“Not just a bit below sea level, it's 2,000 meters below sea level,” said David Vaughan, a principal investigator with the British Antarctic Survey. “If there was no ice sheet there, this would be deep ocean, deep like the middle of the Atlantic.”

    Antarctic Ice Flow and Sea Level Rise
    The recent series of reports from the Intergovernmental Panel on Climate Change (IPCC) did not include such bold predictions for the possible loss of Antarctic ice. The IPCC's estimate was that Antarctic ice flow would continue at the same rate it did from 1993 to 2003, despite an observed acceleration since then.

    The IPCC's restrained estimate about the ice flow, and its possible contribution to sea level rise, was not, however, a heartening sign. Rather, it reflected the consensus view that changes in the Antarctic have been so rapid, science can not yet account for them.

    “Models used to date do not include . . . the full effects of changes in ice sheet flow, because a basis in published literature is lacking,” stated the reports. “[U]nderstanding of these effects is too limited to assess their likelihood or provide a best estimate or an upper bound for sea level rise.”

    The IPCC's mid-range projection is that seas will rise 44 centimeters (17 inches) by the year 2050. That would put 100 million people each year at risk from being displaced from their homes by coastal flooding. If the WAIS were to entirely melt—which most experts doubt will happen in our lifetimes—seas would rise ten times higher.


    Antarctica is Melting Below Sea Level
    A lay person hearing that the melting of the West Antarctic Ice Sheet is speeding up might not be all that surprised given the routine nature over the past few years of news reports describing how the greenhouse effect is warming our atmosphere, speeding the arrival of spring, melting glaciers, and altering plant and animal ranges.

    For Antarctica, the emerging picture is far more complex than the headlines. If the hypotheses of polar experts like Blankenship and Holt are correct, Antarctica might resemble less a block of ice liquefying in a sunny greenhouse than a cog in an intricate Rube Goldberg machine.

    The surface of Antarctica is so cold and the ice so thick that raising the region's air temperature a few degrees is not enough to cause significant melting. Instead, scientists have long suspected that warm water in the Amundsen Sea is flowing up under ice shelves—platforms of floating ice attached to the grounded ice sheet—and melting them from below. This increased melting speeds the flow of grounded ice sheet into the water.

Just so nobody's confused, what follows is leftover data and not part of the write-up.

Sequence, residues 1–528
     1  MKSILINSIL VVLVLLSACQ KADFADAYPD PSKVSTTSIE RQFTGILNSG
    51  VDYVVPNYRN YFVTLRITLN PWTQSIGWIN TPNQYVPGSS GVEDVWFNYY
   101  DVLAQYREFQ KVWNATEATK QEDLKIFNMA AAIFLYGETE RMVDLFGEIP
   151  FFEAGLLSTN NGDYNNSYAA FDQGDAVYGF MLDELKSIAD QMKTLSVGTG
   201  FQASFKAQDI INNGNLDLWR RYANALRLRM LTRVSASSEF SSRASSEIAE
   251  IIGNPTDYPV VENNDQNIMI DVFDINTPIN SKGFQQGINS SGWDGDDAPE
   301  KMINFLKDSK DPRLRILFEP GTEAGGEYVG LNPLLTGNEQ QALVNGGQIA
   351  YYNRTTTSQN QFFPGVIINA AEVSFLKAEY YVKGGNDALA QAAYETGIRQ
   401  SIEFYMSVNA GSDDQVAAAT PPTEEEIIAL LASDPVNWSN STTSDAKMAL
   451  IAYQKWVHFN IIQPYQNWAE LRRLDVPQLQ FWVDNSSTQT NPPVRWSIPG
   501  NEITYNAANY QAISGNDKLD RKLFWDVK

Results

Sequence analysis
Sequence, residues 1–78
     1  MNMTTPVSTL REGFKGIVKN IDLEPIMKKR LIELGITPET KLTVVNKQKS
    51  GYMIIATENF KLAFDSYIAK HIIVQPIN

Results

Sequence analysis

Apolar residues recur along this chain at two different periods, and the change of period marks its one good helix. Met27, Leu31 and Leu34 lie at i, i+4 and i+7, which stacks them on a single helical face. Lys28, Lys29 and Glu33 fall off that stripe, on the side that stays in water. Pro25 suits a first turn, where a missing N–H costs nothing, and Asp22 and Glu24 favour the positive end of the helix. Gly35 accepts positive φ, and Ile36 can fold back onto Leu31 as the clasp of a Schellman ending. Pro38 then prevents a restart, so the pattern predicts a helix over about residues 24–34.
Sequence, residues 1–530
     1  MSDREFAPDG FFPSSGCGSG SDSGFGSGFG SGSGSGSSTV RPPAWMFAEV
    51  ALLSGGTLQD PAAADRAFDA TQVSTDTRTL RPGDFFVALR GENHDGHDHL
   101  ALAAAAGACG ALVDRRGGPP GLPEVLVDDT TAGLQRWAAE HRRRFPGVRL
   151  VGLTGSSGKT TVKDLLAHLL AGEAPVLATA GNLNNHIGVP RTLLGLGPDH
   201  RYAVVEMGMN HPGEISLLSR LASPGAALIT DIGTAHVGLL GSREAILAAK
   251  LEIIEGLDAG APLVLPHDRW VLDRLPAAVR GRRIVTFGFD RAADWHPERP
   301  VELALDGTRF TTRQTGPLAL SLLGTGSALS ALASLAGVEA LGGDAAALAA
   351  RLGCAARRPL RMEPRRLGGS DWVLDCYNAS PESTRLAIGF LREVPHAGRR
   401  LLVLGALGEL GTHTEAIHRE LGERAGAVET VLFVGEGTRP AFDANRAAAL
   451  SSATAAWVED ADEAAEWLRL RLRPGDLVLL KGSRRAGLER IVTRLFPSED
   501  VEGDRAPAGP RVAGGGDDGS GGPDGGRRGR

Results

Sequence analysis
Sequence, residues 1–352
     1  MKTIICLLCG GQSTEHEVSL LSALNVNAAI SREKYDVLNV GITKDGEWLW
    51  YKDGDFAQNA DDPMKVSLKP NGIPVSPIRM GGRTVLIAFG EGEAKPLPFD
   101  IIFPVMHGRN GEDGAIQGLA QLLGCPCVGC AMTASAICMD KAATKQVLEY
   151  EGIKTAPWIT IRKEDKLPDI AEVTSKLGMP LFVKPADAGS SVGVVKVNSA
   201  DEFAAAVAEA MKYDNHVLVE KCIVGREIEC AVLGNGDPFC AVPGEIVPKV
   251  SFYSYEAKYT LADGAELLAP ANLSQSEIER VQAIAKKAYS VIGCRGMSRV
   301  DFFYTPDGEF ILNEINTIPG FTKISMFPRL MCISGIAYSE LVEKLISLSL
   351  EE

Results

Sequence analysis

But it's unlikely these warmer waters result directly from recent climate change. By measuring oxygen content, oceanographers have discovered that the warm water welling up below the glaciers has not been near the sea surface in the past few centuries. In oceanographer's terms, the water is “old.” It is part of a mass known as Circumpolar Deep Water connected to the North Atlantic through the globetrotting ocean conveyor belt. This water has been at depth for too long, scientists believe, for its temperature to reflect recent global warming.

    Polar scientists meeting at the three-day WALSE Workshop knew that explaining this upwelling could go a long way towards predicting the future of the WAIS. Fortunately, the workshop brought together experts in atmosphere, oceans, and ice—all critical players in this story.


    New Hypothesis on Atmospheric Currents
    Adrian Jenkins, a polar researcher from the British Antarctic Survey and WALSE participant, developed a computer model that showed a possible solution.

    Antarctica is encircled by atmospheric currents that largely insulate it from the rest of Earth's climate and keep it colder than it otherwise would be. Jenkins' model showed that these circumpolar currents, sometimes called “Westerlies,” “the Screaming 50s,” or “the Roaring 40s,” actually push surface waters out away from the continent. This results from the Coriolis Force, the byproduct of Earth's rotation that causes cyclonic systems to turn counterclockwise in the northern hemisphere and clockwise in the southern hemisphere. As surface water is pushed away, warm deep water rises to replace it.

    If the atmospheric currents speed up, more water is pulled up. Indeed, observations indicate these atmospheric currents have sped up in recent decades in response to global warming. So increased upwelling seems likely.

    There isn't enough observational data to validate this hypothesis yet. For one thing, sea ice makes it difficult to get there to do the work. Polar experts say repeated missions over several years are necessary to correlate wind speeds with the temperature structure of the water.